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Greenbrae woman stays fearless in face of disease

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Old 09-15-2006, 07:29 AM   #1
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Default Greenbrae woman stays fearless in face of disease

Greenbrae woman stays fearless in face of disease
Beth Ashley





COURAGE: Lorri Coppola, a former teacher at San Rafael's Davidson Middle School, has Lou Gehrig's disease and will take part in a walk for ALS in Oakland this weekend. IJ photo/Jeff Vendsel

Lorri Coppola of Greenbrae, a teacher in San Rafael for 32 years, has ALS - Lou Gehrig's disease.
You wouldn't know it from the way she darts about her apartment.

You wouldn't know it from her almost constant smile.

The only tipoff is her voice, strangled by the paralysis of her throat muscles.

She can't articulate.

She can't swallow solid food.

But Coppola, age 66, is relentlessly upbeat, doing everything she can to postpone the total paralysis and early death that is her probable fate, and determined to help others - at least 22 of whom live in Marin - who also have the disease.

On Sunday, she will walk in the three-mile fundraising Walk to D'Feet ALS at Lake Merritt in Oakland.

Fifty friends, colleagues, former students and school parents will join her. Her efforts have already raised $9,000 for the Alzheimer's Association of the Bay Area, which underwrites research, low-cost treatment and an array of support for people with ALS.

Coppola says "the cost of care-taking is enormous," up to $200,000 a year. "Help from the ALS society is so needed."

Sunny and quick, she sits for an interview in her waterside apartment, writing answers to questions on an erasable slate.

She also furnishes print-outs of information she wrote on her computer, explaining what has happened so far.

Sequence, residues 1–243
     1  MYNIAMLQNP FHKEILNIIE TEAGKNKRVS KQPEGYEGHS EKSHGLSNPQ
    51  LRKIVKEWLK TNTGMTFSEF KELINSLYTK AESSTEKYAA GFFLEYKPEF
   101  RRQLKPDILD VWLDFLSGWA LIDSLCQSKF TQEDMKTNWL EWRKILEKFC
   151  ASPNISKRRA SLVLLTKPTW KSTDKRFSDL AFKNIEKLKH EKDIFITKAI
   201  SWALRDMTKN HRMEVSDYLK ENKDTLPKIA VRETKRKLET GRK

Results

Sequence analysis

Coppola retired in 2001 from Davidson Middle School, where she taught physical education to two generations of San Rafael students.

In January 2005, she had just returned from a trip to Southeast Asia when she started experiencing "a fat tongue."

She thought she might have a travel virus.

By summer, her speech was noticeably compromised and, in December, she was diagnosed with ALS, amyotrophic lateral sclerosis, a fatal neuromuscular disease that attacks the motor neurons and ultimately makes the simplest movements impossible.

Coppola has met the diagnosis proactively, seeking out every treatment she can think of.

She sees Dr. Richard McCarthy, a neurologist at Kaiser Permanente Medical Center in San Rafael; she is treated by a multidisciplinary team at the University of California at San Francisco's ALS clinic; she makes regular visits to Dr. Lobsang Dhondup in Sausalito for treatment with Tibetan herbs.

She also does yoga and Pilates at the 24-Hour Fitness at Larkspur Landing. She meditates daily.

She gets hyperbaric treatments (inhaling greater-than-normal amounts of oxygen) four times a week with Dr. Geoffrey Saft in Corte Madera.

She thinks her all-out health regimen may be the reason her disease has not progressed as rapidly as it does in some others.